Hamdanid dynasty

The Hamdanid dynasty (Arabic: حمدانيونḤamdānyūn) was a Shi'a Muslim Arab dynasty of northern Iraq (al-Jazirah) and Syria (890-1004). They descended from the ancient Banu Taghlib Christian tribe of Mesopotamia and Eastern Arabia. The Hamdanid dynasty was founded by Hamdan ibn Hamdun (after whom it is named), when he was appointed governor of Mardin in SE Anatolia by the Abbasid Caliphs in 890.

His son Abdallah (904-929) was in turn appointed governor of Mosul in northern Iraq (906) and even governed Baghdad (914). His sons were installed as governors in Mosul and Aleppo.

The rule of Hassan Nasir al-Dawla (929-968), governor of Mosul and Diyar Bakr, was sufficiently tyrannical to cause him to be deposed by his own family.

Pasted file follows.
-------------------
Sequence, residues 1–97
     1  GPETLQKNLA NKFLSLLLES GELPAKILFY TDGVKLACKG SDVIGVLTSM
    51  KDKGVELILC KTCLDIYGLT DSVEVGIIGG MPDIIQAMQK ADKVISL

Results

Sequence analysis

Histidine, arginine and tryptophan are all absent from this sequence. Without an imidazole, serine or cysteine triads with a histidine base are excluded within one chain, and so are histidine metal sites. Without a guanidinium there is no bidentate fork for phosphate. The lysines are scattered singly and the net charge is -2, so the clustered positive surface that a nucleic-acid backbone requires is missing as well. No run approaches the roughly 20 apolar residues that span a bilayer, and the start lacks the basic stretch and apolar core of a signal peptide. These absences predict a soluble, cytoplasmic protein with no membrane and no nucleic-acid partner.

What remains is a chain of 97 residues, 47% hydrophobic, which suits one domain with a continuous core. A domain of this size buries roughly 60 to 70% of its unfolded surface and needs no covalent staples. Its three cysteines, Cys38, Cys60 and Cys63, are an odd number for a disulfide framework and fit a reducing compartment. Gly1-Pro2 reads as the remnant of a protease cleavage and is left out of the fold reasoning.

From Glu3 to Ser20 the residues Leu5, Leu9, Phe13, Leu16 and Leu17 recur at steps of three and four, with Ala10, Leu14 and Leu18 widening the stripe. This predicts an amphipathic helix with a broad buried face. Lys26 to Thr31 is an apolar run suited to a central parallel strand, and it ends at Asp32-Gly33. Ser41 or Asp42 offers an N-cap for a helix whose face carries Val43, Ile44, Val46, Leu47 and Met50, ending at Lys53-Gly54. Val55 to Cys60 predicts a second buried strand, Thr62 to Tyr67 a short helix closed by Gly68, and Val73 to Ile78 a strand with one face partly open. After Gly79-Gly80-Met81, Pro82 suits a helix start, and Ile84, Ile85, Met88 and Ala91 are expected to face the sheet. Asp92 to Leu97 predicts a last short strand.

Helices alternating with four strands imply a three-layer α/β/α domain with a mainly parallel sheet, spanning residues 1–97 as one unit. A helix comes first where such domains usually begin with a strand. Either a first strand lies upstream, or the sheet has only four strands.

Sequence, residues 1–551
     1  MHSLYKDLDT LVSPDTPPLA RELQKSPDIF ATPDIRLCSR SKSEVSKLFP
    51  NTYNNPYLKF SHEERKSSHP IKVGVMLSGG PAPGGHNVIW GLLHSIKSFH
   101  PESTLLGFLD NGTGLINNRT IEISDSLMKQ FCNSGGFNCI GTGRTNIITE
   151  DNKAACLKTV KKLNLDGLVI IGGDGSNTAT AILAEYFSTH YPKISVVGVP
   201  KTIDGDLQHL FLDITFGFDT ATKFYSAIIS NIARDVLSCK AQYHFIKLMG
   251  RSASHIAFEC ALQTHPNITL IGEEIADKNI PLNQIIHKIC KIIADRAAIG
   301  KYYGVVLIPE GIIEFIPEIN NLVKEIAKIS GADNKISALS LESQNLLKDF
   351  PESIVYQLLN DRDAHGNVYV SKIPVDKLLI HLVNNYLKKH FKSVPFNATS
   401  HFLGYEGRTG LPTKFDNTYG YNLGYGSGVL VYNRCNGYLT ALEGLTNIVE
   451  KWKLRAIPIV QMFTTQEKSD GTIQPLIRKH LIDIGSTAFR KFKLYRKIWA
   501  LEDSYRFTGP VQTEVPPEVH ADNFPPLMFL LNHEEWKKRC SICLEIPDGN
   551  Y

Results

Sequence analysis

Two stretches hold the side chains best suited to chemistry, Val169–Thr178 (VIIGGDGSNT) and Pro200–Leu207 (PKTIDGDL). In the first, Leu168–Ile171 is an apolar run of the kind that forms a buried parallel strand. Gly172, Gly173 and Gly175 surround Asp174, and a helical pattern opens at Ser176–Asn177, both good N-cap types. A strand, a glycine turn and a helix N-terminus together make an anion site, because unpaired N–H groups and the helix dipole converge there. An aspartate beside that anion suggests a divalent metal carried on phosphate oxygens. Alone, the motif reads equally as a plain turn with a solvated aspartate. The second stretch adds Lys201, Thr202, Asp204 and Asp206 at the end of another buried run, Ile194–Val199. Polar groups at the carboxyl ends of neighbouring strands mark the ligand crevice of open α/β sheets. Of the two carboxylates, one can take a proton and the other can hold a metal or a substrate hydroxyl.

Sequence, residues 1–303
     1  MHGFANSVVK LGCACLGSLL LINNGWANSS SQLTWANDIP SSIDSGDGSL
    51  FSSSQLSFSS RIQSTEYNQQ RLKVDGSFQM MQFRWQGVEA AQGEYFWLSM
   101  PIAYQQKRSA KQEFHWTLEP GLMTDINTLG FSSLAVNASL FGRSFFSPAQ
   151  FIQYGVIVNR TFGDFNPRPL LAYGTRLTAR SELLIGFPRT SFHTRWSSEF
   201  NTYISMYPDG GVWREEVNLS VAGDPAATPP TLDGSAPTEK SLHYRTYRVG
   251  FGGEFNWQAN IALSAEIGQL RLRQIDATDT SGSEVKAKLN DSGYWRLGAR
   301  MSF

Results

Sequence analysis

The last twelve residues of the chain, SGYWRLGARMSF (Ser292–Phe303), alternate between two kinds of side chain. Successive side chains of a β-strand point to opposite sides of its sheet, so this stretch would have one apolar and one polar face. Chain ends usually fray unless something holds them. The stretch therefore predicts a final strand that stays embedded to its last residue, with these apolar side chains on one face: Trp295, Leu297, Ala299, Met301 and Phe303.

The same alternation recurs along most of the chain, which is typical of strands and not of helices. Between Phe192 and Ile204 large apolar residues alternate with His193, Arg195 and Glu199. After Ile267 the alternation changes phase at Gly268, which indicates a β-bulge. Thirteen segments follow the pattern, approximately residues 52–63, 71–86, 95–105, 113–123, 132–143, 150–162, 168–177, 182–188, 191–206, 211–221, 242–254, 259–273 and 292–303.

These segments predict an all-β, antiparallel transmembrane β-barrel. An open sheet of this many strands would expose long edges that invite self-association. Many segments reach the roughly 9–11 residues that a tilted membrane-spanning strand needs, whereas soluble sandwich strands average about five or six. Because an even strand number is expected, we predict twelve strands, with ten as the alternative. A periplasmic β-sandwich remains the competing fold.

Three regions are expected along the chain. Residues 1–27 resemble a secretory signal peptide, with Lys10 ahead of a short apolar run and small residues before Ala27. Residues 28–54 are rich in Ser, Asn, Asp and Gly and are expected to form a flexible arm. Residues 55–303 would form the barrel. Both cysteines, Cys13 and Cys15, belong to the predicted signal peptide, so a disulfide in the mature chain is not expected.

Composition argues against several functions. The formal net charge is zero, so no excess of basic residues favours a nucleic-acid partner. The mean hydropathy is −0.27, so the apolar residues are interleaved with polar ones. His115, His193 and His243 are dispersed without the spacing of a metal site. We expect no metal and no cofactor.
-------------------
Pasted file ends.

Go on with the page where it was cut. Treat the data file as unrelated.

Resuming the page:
His lineage still ruled in Mosul, a heavy defeat by the Buyids in 979 notwithstanding, until 990. After this, their area of control in northern Iraq was divided between the Uqaylids and the Marwanids.

Ali Sayf al-Dawla 'Sword of the State' ruled (945-967) Northern Syria from Aleppo, and became the most important opponent of the Christian Byzantine Empire's re-expansion. His court was a centre of culture, thanks to its nurturing of Arabic literature, but it lost this status after the Byzantine conquest of Aleppo.

To stop the Byzantine advance, Aleppo was put under the suzerainty of the Fatimids in Egypt, but in 1003 the Fatimids deposed the Hamdanids anyway.

This page was last edited on 15 February 2018, at 05:56.
Reference: https://en.wikipedia.org/wiki/Hamdanid under CC BY-SA license.

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